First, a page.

The relationship between Becerril de Campos, Luther and Wittenberg

If it had happened today, the still Prince Charles would have had immediate news of Luther’s ’95 Theses’. In his time, it took much longer to learn about this


History likes to play games, especially when it comes to such historic moments as the publication of Luther’s 95 Theses, which caused a great deal of uproar at the time, and which caught the then Prince Charles in Becerril de Campos (Palencia) on his way to Valladolid.

Martin Luther.

Few moments are as iconic – and historical – as the publication of Luther’s ’95 Theses‘ on October 31st 1517. Legend has it that the monk himself nailed them to the door of Wittemberg Cathedral so that they would be visible to everyone.

Today we know that this action, with which Luther discredited the papal doctrine on indulgences, and which opened up a theological debate that would lead to the Reformation and consequently to the emergence of various traditions within Christianity – Lutheranism, Presbyterianism and Anabaptism – was not such. A legend remains, since the truth is that the monk only wrote a letter to the Church of Rome. The letter was entitled “Questioning the Power and Effectiveness of Indulgences by Martin Luther” (in Latin: Disputatio pro declaratione virtutis indulgentiarum). His later success, which even surprised him, meant that this letter was printed in large numbers and distributed in a similar way.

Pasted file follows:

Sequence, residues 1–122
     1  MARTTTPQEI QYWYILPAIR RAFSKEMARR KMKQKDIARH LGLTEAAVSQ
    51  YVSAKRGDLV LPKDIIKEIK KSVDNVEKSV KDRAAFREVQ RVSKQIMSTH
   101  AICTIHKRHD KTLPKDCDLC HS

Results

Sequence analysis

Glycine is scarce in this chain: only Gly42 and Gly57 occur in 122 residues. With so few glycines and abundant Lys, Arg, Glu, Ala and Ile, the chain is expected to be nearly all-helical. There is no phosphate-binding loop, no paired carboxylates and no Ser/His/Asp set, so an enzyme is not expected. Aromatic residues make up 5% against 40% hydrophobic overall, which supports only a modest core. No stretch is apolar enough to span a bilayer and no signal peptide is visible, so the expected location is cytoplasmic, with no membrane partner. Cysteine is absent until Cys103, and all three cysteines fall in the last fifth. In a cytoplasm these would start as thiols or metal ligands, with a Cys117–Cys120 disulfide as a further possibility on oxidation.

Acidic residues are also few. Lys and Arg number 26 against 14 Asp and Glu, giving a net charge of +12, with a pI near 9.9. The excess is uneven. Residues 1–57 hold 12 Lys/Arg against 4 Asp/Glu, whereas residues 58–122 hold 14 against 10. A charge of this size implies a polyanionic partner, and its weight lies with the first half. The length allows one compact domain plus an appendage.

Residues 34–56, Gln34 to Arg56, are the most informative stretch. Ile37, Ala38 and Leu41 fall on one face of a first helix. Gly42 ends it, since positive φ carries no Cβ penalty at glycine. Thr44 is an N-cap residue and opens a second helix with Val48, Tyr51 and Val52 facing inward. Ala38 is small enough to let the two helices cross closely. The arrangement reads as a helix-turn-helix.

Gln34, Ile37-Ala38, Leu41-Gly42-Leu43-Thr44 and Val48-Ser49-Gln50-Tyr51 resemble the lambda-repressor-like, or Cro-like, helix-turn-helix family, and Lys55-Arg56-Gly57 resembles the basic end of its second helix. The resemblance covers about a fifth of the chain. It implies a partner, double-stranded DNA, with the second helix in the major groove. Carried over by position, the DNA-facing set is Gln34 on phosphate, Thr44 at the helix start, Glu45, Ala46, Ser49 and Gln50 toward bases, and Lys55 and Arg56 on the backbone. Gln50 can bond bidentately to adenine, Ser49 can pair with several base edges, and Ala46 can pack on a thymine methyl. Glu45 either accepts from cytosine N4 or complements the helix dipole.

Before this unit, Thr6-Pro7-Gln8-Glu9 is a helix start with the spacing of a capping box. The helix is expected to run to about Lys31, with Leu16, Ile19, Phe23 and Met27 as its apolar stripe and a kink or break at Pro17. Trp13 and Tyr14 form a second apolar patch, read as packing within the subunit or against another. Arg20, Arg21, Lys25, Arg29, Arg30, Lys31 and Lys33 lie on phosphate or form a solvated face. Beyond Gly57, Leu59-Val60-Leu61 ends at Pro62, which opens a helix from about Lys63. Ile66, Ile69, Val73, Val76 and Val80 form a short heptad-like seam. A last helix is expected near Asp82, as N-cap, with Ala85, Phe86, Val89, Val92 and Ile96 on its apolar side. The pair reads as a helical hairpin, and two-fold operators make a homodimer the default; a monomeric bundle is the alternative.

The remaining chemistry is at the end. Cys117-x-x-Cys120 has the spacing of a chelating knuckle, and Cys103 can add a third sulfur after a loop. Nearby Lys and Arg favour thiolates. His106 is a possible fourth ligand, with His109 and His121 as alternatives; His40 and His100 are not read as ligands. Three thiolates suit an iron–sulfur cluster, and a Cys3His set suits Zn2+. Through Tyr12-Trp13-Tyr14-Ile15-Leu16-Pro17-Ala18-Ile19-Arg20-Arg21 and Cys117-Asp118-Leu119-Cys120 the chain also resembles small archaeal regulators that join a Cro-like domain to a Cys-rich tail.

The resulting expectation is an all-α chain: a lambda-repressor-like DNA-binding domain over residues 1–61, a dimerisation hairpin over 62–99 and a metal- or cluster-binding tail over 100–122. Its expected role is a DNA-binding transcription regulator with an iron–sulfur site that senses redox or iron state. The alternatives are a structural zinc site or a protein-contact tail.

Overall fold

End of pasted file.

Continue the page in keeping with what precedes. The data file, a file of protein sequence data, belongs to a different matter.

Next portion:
Becerril de Campos.

This letter was not known to Prince Charles, heir to the throne of Castile, who rested in Becerril de Campos (Palencia) on his journey to Valladolid to take possession of the crown. There, according to the chronicles, he was received by the Constable of Castile; without knowing – it was the 16th century. What has just happened in Germany was not immediately apparent. This was a matter that caused him so much trouble during his reign.

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